42 230 about2hrsm. 34 47 so 23o 1% tozhrs a2 45 23o 1% to 1% hrs., 32 45 15s 23o 1% to2hrsm. a2 4s 91 234 1% hrs 35 4s Inr TableU IV are' given' the: results.-r rmade r4with different salts kused as the vaporY pressure-depressant. In each case such yav percentage of concentration of the salt infthe solution` was used that substantially all the solutions were brought to the same boiling temperature, namely, about 230 F. The amount of each salt` in percent of the weight of the water used is indicated in the second column of the table.` In the fourth column of the table is given the conversion time which, it will benoted, was about one and onefurthto two hours.. The fact that there was no great variation inthe amount of time. necessary to accomplish the conversion from the dihydrate to the hemihydrate is explained by the fact that' the boiling temperature of about 230FL', regardless ofthe salt used to produce this boiling temperature (the'quantityofV the salt being varied asabove mentioned), insured a definite vapor pressure difference. This vapor'pressure difference corresponds to the portion of Atheordinate V'at the temperature of 230 F. in the curves measured between the existing atmospheric pressure'ofabout 750 mm. and the'vapor pressure curve. A. for gypsum. This vapor pressure at 230 F. for gypsum is 1150 mm. The .vapor pressure difference, therefore, is `400 mm.v

Where the solution of the salt is a saturated solution there shouldbe a vapor pressuredifference of at least 400 mm. (or a pressure difference of at least 250 mm. lower than the'corresponding vapor .pressure of calcium sulphate dihydrate in contact with calcium sulphate hemihydrate. at the vcorresponding temperature). In any event the difference between the vapor pressure of the solution and the vapor pressure of thel gypsum should be maintained between 150 mm. and 1000 In this table in the fifth rcolumn is givenvthe testing consistency of the plasters which were produced by dehydration in the several solutions indicated in this table. The testing consistency for which the values are given in this table .and in Table III is dened' as:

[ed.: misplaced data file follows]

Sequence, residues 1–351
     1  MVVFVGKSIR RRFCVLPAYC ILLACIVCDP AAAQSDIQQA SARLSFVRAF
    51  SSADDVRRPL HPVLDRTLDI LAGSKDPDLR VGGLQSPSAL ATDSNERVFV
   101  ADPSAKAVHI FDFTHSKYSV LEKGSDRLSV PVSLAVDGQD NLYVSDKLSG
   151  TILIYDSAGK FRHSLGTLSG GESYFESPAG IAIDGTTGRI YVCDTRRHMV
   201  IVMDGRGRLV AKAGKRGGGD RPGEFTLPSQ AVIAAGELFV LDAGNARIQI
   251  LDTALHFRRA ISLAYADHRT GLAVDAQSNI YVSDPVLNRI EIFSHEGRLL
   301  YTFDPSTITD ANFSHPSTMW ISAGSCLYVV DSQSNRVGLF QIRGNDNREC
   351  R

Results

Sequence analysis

.Testing consistency is the number of cubic centimeters of waterjwl'lich,- when mixed with 100 grams of the dry plaster in a'mixng cup,`will produce a mortar that will slump abouti/" when y the mass'is pushedv to oneY side of the ycupl with the mixing spatula and the `spatula is'then witht The corresponding pouring consistencies, measured as hereinaboveA dened for vthe pure poses of this invention, are shown inthe sixth column. It will be apparent from the table that l control of the vapor pressure difference in ac-` cordance with the invention is effective to see .cure .the low water carrying capacity which is a desired property of the calcium sulphate hemihydrate or gypsum plaster of the invention, when conversion is carried out in solutions of various acid, because of their high solubility and conse-v quent marked eiect. in depressing the `vapor pres,-V sure ofthe solutions, are preferred... rIests have indicated that the salts of` calciumotherthan calcium sulphate, whichtherefore havetafcomtmon ,metal f base with the .calcium;.sulphatanon;

' l1.4 tenir of the gfypsumr are" particularlyadvanta'e geous: because. they do not :reactwith the calcium sulphate and, therefore, thef'possibility iszmini-` mized of. forming complexsalts or reaction prod` ucts which wouldinterfere with the formation'V of the desired hemihydrate.